It was under the gibbous moon when I first met her. Her black hair extinguished the pitiful rays of light from the lunar crescent. Her eyes were a moment of brightness in a vacant eternity. As she slinked through the cobbled streets of my home, I could not move. I longed so desperately to cry out but something external clutched at my throat and held taught my vocal cords.
I watched as her turbid form waxed and waned and disappeared against the siding of the Ableton house. She had disappeared and yet I still could not move. My feet would not lift from the ground, my breath was caught and yet I did not feel the effects of strangulation. It was agony to stand there, supernaturally paralyzed. When would this seizure of my freedom cease?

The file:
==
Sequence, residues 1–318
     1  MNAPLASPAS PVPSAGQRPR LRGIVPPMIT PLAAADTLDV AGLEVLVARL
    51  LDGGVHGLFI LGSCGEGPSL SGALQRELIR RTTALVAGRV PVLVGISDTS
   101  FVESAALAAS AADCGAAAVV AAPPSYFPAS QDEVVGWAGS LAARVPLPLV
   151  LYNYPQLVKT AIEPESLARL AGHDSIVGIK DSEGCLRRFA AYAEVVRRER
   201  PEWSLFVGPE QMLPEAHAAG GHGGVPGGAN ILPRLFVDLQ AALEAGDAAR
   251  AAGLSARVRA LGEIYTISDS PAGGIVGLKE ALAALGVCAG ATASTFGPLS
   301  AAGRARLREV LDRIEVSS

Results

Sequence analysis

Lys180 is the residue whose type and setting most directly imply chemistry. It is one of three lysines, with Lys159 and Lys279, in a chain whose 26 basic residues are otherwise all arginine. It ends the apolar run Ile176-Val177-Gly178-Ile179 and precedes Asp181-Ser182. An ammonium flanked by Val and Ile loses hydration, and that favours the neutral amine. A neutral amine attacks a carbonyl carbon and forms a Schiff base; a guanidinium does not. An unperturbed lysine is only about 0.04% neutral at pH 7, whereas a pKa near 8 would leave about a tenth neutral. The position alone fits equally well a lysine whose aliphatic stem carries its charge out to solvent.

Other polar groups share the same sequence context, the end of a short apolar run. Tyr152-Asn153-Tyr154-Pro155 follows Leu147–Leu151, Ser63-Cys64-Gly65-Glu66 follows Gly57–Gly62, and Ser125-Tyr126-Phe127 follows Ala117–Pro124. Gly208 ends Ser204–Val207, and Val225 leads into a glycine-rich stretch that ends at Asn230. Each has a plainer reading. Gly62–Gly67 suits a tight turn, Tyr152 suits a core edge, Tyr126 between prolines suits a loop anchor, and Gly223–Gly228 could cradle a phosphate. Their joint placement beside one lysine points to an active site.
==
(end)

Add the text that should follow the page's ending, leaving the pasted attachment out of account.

And then she came back out, carrying the limp and fragile form of the Ableton child, a mere toddler. It was their first child. The baby girl did not squeal, did not scream, but merely cooed at the shadow lady. I watched her saunter back down across the cobblestones, her feet gliding along the cobblestones. I wanted to scream stop and all the same I wanted to go with her. She looked back at me, one last time before she walked out of view.
I found my breath finally, and rushed after her. But no amount of running would bring me to her. I wouldn’t see her again until my own firstborn.